Midterm Elections and New Leadership

We elect our national legislature on November 7. We also elect a number of governors and other state officials. I’m curious, how many citizens are happy with the choices they have as they look forward to election day? Do they expect good things from their representatives? Or do they think that voting is a waste of time because after all, what difference does it make?

I want to argue that we already have a huge and growing group of people who don’t fit easily in either of these categories. They want to expect good things from their leaders, and they are not conventionally apathetic about politics. They know that the leaders we elect to represent us in public offices actually make a big difference. They also know that the people the Republicans and Democrats have brought into public life are, in general, not good leaders. In asking us to vote for people who don’t deserve our vote, the major parties have failed in their main job: to recruit honest, competent candidates who can serve their constituents with dignity and vision.

We didn’t even have political parties as such when our republic started out. We had loose associations of like-minded political types in the various states, so young that people still thought of them as former colonies. Political parties evolved out of that maelstrom, and by Jefferson’s presidency we had partisanship, if not organization, that we would readily recognize today. We’ve had troubles before – big troubles – and always a leader has come on the scene to help us through them. The famous examples are Abraham Lincoln during the Civil War and Franklin Roosevelt during the Depression and the Second World War. We have entered another period of trouble, and we need a leader of similar stature to bring us through it.

So many people recognize our need for good leadership now. So many people realize that neither the Democrats nor the Republicans can supply such leadership. Why they can’t supply it is a complicated argument in itself, but the simple answer is that they have lost our trust. The Republicans have proven they can’t lead, and the Democrats aren’t fit to lead in their stead. We don’t trust our leadership anymore, and I’m not thinking of the healthy skepticism American’s have always had regarding professional politicians. I mean that we know, deep in our core, that our current leaders aren’t capable of doing the right thing. We know as well, based on their behavior over the last four years, that the Democrats who would like to lead us can’t lay a claim to our trust either.

Systems change slowly, though, and almost all the candidates up for election in November will be Democrats or Republicans. We vote for them out of habit or because we’re forced to, because we don’t want to stay at home that day. Some will vote enthusiastically, with fresh hopes for victory that evening. They do believe, they are loyal to their chosen party. They believe that victory for their candidate does make a difference. The other huge group is fed up: fed up that our current leadership is so bad, and fed up that the prospects for improved leadership are so dim. Where will we find the leader who will bring us through this war?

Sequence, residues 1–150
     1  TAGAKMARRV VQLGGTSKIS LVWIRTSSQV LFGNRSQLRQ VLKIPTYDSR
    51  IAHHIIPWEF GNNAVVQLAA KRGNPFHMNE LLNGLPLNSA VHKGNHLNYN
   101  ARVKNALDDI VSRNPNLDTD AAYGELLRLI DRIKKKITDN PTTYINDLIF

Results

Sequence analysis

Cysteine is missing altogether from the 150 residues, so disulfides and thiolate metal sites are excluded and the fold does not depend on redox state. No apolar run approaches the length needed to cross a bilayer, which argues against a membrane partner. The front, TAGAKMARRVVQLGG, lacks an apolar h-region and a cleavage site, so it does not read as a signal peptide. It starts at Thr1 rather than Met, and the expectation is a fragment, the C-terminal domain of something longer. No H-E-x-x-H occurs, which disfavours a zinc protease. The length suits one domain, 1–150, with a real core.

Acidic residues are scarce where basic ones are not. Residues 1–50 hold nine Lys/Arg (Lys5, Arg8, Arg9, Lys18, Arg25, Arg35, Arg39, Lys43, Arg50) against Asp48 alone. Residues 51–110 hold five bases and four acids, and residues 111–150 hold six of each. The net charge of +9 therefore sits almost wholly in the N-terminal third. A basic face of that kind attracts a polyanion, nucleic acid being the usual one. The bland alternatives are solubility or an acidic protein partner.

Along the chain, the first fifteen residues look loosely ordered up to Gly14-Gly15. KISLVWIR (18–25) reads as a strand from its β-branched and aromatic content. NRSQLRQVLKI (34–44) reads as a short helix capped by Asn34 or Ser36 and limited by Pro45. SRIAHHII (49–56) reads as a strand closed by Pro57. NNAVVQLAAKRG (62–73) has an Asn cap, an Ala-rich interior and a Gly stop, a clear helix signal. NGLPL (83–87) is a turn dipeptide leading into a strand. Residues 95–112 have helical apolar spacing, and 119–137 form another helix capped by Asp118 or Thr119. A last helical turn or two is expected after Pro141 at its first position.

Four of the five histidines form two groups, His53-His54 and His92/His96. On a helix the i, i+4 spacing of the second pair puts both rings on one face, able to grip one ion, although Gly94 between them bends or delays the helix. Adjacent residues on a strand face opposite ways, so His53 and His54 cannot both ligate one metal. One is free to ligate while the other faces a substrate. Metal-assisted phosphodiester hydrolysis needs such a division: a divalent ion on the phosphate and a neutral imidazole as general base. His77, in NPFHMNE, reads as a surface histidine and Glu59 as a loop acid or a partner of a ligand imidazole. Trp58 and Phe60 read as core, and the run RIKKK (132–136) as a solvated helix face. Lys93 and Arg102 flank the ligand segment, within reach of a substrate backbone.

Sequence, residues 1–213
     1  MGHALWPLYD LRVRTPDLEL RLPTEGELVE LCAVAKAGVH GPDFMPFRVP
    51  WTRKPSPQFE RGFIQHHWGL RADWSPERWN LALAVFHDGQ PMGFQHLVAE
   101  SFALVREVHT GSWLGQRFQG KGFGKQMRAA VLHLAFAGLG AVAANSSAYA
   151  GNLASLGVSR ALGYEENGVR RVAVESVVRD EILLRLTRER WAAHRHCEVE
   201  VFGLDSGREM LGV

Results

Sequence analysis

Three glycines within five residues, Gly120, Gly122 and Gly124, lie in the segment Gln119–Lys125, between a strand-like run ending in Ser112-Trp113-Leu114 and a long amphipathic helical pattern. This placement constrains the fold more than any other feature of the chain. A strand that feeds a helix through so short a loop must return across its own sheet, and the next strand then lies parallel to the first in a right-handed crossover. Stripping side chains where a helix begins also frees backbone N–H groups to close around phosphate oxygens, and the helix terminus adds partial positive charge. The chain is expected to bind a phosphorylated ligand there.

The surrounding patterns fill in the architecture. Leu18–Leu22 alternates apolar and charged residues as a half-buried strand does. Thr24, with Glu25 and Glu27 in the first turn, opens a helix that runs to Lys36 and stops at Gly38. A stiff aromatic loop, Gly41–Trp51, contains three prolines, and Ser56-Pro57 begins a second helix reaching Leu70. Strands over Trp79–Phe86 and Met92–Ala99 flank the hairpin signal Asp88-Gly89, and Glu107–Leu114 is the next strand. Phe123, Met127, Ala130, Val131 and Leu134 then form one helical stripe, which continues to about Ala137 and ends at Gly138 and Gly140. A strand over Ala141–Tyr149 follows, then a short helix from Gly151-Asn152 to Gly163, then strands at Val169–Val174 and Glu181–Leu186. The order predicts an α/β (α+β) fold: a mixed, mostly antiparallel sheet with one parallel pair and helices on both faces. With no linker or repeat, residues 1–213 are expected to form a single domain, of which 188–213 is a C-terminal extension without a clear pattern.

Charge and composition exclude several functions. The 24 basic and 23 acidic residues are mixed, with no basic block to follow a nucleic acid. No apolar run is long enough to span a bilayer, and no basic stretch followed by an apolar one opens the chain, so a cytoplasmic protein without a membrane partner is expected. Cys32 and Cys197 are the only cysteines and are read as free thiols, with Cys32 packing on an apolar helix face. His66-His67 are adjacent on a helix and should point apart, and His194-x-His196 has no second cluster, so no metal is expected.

The standard reply to a question like that comes to mind readily enough. If you aren’t satisfied with the current state of things, don’t stand at the sidelines to carp, criticize, and complain. Get in the arena and do what you have to do. Our country needs doers, not gripers or procrastinators.

That’s a good response, but it overlooks a big problem. To get in the arena and have an effect when you are not involved in one of the major parties is not so easy. You might as well say, go out and start a new car manufacturing company, and make it successful. The barriers to entry are large and real. Yes, there are a lot of groups out there that are active in the political arena. Only two of them recruit most of our political leaders, though. Only two of them recruit most of the candidates who appear on the numerous ballots prepared for November 7.

James Stewart’s character in Mr. Smith Goes to Washington tells a story about his dad in the film. Mr. Smith’s father was a newspaper publisher who was killed for taking up an unpopular cause in his paper. Smith recalled his dad saying, “The lost causes are the only ones worth fighting for.” Well, is finding new leadership for the United States a lost cause? Would you like to fight for this or some other lost cause? This paradoxical saying has some wisdom in it, but few people would care to act on it.

The Democrats and Republicans act as if they don’t realize they have lost our trust. They are not going to solve this big problem. Someone from outside the two major parties will have to come forward, rise up, or be called, whatever the correct phrase is. It’ll have to be someone with courage and character. Wisdom is a good job qualification, too: if we can find someone with those qualities, we can overlook a lot of weaknesses. Don’t wait for the two parties to produce a leader like that, though. The two parties have discredited themselves. We need a new source of leaders, and we can’t wait long.

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